The United Nations has begun training Ebola survivors to help respond to the outbreak in West Africa, because their ordeal means they are immune to the disease.
Twenty Ebola survivors have been trained to work in new centres in Liberia and another 30 are set to follow them, with the main aim to support young children being kept in isolation for 21 days after having contact with infected people, often their family members.
Ms Crowe said survivors can offer the love and attention a small child needs after Ebola has turned large parts of Liberia, Sierra Leone and Guinea into a no-touch culture.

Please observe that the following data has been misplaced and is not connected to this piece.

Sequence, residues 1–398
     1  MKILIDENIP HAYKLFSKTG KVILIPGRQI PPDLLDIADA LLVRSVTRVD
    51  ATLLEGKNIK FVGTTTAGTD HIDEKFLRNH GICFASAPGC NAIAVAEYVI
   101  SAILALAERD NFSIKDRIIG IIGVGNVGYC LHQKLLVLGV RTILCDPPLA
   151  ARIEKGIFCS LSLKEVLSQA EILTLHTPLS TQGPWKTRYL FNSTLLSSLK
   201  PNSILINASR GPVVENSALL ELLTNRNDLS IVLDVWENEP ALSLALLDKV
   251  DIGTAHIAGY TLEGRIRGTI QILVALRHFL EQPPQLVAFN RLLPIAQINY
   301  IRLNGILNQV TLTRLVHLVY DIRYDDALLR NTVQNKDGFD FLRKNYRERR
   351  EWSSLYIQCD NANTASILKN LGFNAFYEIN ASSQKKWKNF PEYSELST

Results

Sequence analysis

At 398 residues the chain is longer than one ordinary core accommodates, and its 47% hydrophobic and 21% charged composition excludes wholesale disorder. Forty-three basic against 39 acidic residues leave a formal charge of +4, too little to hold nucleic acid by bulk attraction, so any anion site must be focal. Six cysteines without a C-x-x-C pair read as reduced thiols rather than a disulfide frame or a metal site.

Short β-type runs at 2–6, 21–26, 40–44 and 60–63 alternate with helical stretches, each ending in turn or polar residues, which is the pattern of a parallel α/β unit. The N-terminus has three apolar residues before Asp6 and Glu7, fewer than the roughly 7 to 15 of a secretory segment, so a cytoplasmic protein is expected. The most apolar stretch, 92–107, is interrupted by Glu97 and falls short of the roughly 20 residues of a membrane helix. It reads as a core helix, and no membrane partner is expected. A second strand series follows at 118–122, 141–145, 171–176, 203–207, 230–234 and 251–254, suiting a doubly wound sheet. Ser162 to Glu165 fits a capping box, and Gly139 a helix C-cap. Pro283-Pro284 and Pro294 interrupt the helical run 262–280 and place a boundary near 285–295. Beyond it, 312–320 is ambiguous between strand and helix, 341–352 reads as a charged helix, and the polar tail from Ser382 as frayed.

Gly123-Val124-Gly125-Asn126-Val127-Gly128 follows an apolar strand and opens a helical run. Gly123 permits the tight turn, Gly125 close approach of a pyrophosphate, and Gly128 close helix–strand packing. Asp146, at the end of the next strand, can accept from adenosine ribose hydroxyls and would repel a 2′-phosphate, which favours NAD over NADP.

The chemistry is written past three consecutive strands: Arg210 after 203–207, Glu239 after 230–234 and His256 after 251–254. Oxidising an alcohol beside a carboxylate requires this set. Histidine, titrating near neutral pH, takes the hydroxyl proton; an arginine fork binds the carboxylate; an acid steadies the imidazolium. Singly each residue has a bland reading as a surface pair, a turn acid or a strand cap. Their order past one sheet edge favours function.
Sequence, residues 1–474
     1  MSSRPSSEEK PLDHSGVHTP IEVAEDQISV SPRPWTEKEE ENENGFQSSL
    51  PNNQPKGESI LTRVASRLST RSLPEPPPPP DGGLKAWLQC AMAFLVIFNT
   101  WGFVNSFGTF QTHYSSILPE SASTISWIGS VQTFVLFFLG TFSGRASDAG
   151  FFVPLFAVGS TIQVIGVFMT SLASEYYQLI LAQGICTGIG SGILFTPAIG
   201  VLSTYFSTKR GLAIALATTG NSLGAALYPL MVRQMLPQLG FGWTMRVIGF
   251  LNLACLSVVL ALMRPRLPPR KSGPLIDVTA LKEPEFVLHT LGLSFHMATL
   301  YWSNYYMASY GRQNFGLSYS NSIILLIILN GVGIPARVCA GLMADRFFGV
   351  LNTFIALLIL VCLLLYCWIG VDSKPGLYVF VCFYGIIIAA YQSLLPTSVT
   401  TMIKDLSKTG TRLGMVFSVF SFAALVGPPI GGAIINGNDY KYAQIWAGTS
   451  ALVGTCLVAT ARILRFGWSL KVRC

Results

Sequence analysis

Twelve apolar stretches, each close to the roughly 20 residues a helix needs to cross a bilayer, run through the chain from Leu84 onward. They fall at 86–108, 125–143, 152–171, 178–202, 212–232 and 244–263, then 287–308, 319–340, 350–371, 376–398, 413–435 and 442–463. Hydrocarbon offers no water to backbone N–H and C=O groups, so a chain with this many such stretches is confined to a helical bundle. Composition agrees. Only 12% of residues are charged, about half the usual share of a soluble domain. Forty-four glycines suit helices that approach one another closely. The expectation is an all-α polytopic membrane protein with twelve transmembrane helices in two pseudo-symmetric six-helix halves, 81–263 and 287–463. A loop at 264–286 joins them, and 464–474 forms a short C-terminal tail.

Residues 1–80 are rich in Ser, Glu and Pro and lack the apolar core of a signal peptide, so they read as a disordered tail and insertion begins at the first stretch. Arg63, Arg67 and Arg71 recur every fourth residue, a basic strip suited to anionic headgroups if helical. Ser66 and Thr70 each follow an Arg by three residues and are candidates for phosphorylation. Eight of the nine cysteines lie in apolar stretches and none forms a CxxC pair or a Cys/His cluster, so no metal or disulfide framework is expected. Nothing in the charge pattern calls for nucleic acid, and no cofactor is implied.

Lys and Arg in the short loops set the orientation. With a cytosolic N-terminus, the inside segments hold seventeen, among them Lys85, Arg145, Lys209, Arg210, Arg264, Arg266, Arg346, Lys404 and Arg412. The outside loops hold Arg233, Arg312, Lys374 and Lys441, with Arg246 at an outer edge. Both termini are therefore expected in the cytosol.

While survivors will still largely follow a 'no-touch' protocol for older children, they will be able to touch and hold infants who need more personal attention and care.
At least one UN centre is expected to open within a month in each of Liberia's five most affected counties after the first centre was established on the outskirts of the nation's capital, Monrovia.
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